Only 10 percent of large corporations are considering the public cloud as a place to store even their lowest tier of data for archive purposes, according to a survey by TheInfoPro, a market research firm.
The survey of 247 Fortune 1000 corporations was released last month. Asked about storage-as-a-service, 87 percent of the respondents indicated that they had no plans to use the public cloud, 10 percent said that they would use it, and 3 percent indicated that they weren't sure.
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Large corporations are worried about turning their data over to an external service; they're also concerned about performance, said Marco Coulter, an analyst at TheInfoPro. "We're seeing infrastructure in the cloud. We're seeing applications in the cloud, email in the cloud, HR and CRM in the cloud, but [storage] is the piece that doesn't make sense for them," he said.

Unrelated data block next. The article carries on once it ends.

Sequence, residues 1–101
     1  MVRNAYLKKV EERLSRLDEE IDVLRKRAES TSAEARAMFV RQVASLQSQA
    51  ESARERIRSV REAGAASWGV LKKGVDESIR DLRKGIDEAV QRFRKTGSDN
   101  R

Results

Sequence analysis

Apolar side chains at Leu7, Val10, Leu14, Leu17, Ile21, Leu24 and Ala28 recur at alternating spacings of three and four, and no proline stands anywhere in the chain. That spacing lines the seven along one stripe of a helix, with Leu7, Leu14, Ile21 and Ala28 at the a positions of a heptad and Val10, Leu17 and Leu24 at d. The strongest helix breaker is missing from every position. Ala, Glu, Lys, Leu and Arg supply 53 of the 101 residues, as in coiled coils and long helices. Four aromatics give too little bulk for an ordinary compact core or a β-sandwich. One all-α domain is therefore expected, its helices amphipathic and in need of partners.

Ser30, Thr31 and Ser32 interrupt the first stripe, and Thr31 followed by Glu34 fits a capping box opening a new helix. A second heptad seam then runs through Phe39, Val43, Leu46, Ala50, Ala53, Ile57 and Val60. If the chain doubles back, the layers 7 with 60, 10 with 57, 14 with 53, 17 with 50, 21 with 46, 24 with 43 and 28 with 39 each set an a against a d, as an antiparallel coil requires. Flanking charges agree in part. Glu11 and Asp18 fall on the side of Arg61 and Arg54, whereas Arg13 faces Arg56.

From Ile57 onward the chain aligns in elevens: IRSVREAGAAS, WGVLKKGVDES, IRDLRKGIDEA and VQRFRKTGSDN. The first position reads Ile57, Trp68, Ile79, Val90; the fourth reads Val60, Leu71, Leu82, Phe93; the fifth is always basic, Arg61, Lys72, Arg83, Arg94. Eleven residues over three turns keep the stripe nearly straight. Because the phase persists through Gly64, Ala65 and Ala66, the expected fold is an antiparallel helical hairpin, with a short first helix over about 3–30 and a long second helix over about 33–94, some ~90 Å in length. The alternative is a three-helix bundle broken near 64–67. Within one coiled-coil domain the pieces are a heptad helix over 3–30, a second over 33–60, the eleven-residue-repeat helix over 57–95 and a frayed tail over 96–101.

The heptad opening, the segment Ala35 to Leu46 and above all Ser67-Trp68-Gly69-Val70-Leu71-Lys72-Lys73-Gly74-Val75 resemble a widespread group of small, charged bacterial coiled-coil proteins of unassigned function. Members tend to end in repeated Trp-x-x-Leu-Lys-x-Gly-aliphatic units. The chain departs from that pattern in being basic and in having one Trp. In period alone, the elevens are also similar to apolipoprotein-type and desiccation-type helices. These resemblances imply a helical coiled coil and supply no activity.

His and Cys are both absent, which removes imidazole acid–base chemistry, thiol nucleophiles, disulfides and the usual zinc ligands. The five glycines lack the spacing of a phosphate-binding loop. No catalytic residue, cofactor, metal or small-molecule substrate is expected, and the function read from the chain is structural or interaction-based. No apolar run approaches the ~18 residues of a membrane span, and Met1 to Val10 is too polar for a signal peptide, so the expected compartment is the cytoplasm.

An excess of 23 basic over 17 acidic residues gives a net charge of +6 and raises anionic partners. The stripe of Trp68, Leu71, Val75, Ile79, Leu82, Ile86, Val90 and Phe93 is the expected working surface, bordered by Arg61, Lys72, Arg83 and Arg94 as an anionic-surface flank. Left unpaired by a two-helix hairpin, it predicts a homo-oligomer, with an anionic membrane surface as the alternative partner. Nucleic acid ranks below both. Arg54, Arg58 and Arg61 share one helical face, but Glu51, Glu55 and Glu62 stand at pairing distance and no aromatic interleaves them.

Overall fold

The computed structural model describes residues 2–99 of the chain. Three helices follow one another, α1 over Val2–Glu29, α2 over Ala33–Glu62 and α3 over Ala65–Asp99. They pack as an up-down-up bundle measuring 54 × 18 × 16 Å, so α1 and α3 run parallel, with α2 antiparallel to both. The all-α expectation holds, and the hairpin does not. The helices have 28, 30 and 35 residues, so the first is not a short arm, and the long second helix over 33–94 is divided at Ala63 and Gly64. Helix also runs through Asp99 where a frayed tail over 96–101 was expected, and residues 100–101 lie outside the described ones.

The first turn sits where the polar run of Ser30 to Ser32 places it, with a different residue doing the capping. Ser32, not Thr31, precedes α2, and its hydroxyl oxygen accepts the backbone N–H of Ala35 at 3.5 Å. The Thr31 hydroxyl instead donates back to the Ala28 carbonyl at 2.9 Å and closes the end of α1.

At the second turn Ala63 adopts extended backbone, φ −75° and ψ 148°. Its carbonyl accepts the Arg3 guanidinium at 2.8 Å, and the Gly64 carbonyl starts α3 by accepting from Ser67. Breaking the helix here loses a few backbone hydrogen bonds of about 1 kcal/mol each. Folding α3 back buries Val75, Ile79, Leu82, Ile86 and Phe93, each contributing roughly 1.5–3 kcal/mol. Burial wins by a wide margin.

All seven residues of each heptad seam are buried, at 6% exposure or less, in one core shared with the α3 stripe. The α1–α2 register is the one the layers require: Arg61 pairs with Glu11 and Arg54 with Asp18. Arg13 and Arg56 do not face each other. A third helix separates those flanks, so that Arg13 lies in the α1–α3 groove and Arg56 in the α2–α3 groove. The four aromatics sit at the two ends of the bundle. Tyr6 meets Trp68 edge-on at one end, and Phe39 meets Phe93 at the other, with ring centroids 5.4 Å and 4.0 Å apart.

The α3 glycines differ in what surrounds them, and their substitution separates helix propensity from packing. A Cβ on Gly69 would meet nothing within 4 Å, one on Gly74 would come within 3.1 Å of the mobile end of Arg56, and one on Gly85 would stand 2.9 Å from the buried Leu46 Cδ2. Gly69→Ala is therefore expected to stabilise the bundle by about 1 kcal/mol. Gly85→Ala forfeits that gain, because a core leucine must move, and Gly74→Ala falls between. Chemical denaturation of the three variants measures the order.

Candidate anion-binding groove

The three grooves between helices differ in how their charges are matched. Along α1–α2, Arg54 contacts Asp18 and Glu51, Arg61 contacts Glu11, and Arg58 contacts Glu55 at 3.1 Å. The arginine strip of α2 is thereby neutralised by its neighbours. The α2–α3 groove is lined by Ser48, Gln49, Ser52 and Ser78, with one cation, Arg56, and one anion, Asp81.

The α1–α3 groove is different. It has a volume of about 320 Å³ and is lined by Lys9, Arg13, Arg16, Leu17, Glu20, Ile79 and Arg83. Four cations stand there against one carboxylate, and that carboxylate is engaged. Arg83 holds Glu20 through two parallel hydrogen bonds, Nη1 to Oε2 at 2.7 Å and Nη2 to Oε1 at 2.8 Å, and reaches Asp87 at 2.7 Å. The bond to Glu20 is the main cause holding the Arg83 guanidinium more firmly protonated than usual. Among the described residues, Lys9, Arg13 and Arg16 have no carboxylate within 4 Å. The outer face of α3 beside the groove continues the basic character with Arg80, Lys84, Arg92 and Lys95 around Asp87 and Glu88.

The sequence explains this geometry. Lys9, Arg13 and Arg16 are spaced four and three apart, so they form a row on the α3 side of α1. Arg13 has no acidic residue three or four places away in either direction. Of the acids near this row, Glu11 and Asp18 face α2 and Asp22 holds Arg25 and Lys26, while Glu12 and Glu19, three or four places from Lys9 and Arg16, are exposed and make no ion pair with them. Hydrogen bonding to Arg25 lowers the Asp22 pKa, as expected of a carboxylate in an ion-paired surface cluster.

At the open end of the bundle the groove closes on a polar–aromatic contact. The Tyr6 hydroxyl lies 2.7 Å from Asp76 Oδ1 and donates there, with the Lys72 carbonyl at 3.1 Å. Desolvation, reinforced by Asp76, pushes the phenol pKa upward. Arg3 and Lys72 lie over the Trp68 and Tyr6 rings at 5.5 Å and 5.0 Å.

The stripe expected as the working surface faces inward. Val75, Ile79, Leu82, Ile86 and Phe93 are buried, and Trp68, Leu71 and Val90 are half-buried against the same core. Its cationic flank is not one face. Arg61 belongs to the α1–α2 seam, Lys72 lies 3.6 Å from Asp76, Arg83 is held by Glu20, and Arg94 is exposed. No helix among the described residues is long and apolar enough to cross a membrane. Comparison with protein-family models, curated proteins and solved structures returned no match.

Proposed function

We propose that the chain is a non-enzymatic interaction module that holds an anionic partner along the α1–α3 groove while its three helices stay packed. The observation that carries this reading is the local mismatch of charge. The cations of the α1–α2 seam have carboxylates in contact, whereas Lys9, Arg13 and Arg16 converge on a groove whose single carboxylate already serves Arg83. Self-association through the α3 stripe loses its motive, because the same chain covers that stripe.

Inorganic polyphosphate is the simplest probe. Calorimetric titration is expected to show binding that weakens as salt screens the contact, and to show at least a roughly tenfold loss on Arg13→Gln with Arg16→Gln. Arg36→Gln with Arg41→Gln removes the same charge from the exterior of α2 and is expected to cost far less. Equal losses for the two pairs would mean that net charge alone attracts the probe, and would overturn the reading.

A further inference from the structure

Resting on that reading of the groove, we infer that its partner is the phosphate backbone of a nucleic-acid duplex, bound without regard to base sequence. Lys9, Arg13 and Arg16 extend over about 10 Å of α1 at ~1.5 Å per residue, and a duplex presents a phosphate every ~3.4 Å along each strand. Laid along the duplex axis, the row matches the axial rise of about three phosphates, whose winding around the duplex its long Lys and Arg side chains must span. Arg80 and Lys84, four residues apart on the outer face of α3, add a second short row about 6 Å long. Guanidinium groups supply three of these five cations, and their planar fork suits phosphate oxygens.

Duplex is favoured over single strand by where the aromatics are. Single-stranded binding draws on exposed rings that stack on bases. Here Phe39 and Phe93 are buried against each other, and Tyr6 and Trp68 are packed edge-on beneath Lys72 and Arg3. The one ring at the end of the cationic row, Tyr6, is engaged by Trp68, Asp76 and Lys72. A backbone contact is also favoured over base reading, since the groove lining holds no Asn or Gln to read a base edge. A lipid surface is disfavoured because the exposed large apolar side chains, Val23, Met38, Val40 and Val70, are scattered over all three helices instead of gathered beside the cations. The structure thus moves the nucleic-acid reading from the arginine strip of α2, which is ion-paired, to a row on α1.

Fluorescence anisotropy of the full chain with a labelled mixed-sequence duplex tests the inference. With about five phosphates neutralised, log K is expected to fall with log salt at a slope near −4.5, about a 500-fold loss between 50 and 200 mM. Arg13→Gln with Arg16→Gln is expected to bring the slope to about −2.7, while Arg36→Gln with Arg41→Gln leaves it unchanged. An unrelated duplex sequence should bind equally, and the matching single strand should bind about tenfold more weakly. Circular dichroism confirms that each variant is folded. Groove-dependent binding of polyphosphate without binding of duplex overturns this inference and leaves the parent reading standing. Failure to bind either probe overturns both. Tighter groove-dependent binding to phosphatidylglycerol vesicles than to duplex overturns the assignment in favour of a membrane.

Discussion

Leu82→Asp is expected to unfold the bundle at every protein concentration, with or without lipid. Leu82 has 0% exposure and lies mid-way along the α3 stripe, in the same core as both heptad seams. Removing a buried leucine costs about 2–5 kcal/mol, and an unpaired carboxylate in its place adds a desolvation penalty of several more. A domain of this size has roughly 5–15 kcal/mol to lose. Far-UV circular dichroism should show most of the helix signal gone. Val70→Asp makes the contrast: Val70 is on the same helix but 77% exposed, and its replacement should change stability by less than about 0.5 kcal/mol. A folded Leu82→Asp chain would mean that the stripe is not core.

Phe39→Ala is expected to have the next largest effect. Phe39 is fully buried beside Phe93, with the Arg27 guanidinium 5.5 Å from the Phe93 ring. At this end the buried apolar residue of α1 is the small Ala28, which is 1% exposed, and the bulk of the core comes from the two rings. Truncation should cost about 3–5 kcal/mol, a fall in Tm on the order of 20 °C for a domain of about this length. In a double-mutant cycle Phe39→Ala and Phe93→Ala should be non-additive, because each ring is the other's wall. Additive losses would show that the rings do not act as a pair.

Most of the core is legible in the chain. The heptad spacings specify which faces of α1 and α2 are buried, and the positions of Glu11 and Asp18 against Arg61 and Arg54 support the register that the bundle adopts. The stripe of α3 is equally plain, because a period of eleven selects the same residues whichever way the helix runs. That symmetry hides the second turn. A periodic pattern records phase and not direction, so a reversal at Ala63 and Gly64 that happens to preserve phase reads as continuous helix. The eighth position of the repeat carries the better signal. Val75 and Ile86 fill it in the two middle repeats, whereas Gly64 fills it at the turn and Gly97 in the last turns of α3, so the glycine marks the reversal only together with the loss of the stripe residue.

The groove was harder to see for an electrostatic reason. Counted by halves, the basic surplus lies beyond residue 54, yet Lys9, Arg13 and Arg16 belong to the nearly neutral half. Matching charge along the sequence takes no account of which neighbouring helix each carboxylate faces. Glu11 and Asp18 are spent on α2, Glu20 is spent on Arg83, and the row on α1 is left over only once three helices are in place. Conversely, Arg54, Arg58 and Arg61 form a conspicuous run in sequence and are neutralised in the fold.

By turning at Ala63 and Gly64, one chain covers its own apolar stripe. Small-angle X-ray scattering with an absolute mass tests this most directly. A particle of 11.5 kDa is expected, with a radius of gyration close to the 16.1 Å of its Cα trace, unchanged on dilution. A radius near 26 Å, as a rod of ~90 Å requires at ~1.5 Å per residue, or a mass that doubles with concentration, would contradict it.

Coulter added that, given the survey results, it isn't surprising that cloud storage vendors such as Iron Mountain, Cirtas, and EMC have recently pulled back from the market.
Private cloud adoption was a different story, however, with most respondents saying they face virtually no obstacles or challenges when it comes to deploying private clouds.
The survey also showed that automated data tiering is one of today's hottest storage initiatives.
This version of this story was originally published in Computerworld's print edition. It was adapted from an article that appeared earlier on Computerworld.com.
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This story, "Big firms shunning public cloud storage" was originally published by Computerworld.